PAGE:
It was almost a decade ago that I was reading Michael Pollan’s book The Omnivore’s Dilemma and ran across the phrase “transforming the body of the world into our bodies.” This turn of phrase has stuck with me over the years and, like a bit of popcorn kernel in between the teeth, nagged me. Perhaps more appropriately like a grain of sand in an oyster, it has irritated me in the best possible way and slowly transformed into something like a pearl of wisdom, one that I have yet to completely unpack. So I have decided to change the umbrella for my writing here on the internet to “Transforming the Body.”
At the risk of demystifying the phrase entirely, I sense (including, but not limited to) the following meanings in the phrase “transforming the body” as it relates to my thoughts and writing in this space.
- As in Pollan’s quote above it is about consuming the fruit of the earth to transform it into our own bodies. This concept also connects to ecology and interdependence.
- It refers to the Body of Christ and transforming the church and faith as it has transformed and evolved throughout history. This meaning also considers how it should be transformed moving forward.
- At the heart of an incarnational theology is the idea that the most fundamental move God makes in Jesus Christ is crossing over to the Other, bridging the immense chasm between the finite and infinite, the Creator and creature. A lot of work on racism, LGBTQ, and sexism talks about bodies and the way they are perceived by the dominant perspective. For my transgender brothers and sisters this can quite literally involve the transformation of their body and appearance in any number of ways. In this meaning of the phrase I see the possibilities of transformation of our perception of and relationship to bodies; black and brown bodies, queer bodies, and female bodies.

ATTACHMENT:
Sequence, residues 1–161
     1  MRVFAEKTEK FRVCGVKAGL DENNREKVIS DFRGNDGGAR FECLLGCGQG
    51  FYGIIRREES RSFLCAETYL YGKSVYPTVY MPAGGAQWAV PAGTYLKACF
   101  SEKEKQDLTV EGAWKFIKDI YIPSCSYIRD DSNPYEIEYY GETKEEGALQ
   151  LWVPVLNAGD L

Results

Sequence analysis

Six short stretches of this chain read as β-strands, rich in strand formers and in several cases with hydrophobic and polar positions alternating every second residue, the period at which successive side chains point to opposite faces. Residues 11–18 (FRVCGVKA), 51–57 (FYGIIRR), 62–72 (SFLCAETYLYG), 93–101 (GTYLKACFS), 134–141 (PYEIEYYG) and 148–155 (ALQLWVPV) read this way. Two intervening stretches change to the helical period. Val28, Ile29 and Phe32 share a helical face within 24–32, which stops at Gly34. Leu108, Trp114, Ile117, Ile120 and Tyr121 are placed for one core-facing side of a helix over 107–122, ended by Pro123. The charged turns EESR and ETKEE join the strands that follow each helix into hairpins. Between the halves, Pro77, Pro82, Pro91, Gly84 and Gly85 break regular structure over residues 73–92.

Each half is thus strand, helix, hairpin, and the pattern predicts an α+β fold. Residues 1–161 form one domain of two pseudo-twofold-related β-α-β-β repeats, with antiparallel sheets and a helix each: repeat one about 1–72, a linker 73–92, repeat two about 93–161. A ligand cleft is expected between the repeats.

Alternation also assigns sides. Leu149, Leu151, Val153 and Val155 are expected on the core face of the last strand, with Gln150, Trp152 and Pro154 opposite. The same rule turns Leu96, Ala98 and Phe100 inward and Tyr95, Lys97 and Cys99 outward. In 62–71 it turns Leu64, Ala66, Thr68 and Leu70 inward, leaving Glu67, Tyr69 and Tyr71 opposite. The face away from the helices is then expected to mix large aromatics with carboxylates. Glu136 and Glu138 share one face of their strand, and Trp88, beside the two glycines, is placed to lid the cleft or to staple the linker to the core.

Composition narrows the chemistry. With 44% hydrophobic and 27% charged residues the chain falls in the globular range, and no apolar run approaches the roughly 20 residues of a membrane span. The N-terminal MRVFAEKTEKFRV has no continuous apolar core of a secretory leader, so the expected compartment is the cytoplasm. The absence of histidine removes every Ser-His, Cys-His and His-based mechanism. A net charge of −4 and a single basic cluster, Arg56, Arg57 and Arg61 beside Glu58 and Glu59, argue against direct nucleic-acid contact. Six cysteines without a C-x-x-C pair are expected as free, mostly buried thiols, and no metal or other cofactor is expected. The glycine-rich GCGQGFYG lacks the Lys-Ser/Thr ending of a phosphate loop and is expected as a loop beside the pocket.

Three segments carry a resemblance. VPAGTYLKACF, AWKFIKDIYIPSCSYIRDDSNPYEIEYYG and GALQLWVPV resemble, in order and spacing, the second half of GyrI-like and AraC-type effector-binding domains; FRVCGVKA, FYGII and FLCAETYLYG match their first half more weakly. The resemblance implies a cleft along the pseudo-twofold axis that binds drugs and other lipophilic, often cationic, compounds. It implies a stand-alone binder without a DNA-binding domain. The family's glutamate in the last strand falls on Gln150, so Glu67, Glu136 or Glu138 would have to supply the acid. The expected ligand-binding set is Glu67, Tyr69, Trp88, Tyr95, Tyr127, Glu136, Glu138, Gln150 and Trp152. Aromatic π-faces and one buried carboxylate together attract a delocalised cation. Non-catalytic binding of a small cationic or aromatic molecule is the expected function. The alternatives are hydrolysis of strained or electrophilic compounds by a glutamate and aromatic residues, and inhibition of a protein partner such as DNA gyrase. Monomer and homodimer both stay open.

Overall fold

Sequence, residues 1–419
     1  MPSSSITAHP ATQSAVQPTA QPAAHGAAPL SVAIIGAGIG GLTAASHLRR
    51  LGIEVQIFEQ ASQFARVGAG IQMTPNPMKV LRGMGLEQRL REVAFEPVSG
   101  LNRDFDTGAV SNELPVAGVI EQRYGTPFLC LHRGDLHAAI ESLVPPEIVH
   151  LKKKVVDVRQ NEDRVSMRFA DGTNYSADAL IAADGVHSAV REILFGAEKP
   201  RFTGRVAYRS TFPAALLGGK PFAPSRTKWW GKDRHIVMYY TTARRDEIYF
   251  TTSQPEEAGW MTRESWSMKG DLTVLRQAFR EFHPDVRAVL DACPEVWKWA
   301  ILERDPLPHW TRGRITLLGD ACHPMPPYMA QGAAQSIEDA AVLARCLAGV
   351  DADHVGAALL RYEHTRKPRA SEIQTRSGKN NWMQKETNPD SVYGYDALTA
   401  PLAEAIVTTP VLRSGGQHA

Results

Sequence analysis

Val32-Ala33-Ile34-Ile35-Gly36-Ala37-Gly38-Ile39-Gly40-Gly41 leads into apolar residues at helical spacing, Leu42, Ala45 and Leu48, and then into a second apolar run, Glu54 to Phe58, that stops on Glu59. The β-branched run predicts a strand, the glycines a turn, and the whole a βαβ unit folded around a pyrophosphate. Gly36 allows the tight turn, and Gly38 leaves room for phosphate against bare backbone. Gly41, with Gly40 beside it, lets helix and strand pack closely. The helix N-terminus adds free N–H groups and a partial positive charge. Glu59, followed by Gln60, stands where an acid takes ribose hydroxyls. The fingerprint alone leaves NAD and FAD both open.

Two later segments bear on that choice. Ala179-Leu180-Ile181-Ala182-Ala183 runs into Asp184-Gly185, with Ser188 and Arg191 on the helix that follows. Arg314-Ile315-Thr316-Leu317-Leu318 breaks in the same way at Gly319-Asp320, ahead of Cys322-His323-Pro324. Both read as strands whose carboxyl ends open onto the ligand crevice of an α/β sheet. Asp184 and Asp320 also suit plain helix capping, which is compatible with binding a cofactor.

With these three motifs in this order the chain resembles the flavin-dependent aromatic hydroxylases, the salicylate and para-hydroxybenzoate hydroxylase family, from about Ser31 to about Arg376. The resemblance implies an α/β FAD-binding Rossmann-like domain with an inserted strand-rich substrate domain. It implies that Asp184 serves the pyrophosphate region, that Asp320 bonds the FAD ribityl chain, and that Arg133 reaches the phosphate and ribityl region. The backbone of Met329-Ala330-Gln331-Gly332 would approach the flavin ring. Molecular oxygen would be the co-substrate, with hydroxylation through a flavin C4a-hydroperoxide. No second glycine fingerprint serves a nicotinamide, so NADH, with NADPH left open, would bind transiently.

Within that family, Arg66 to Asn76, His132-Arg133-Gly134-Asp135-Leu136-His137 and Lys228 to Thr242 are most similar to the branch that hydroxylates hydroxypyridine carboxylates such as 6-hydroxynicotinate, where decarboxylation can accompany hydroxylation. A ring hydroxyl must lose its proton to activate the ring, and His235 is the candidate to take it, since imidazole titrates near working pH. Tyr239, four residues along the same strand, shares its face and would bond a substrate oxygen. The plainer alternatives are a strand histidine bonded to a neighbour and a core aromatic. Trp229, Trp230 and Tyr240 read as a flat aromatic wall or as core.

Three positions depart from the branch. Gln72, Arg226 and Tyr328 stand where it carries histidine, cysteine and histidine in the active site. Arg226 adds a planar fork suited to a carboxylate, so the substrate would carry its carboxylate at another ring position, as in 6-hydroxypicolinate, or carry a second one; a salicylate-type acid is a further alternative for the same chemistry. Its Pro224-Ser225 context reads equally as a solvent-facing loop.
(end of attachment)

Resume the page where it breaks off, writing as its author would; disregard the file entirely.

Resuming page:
- Finally, we cannot leave out our relationship with our own bodies and what it means to be creatures that inhabit flesh. Many different industries worth billions are dedicated to getting us to believe that something is wrong with our bodies and appearance. In this sense I take transforming the body to mean both transforming our perceptions as well as becoming healthier in our relationship to our physical selves.
I hope to unpack further some of these thoughts and meanings of this phrase, how it relates to my new tagline, “Imagining a post-Christian, post-industrial, sustainable faith community,” and my work in cross-cultural contexts bearing witness to God’s presence and work in the world. One final thought as I wrap up this first attempt…
My mentor and seminary professor Dr. Michael Stroope often cited his definition of missions during my time at Truett and it has stuck with me over the years, “People being transformed by people who are being transformed.” We read and dissected David Bosch’s seminal work Transforming Mission (which I highly recommend). Transforming in this title is both adjective and verb. Bosch describes a kind of Christian mission that is transformative for all that participate, but also indicates that this kind of Christian mission will require transforming our understanding of what Christian mission is and does. Dr. Stroope plays off of Bosch’s work and takes it a step further in his recently published book Transcending Mission in which he unpacks the history of the term mission and argues that it is time to let go of that term to describe Christian witness and activity in the world. Indeed, transformation includes encountering the transcendent.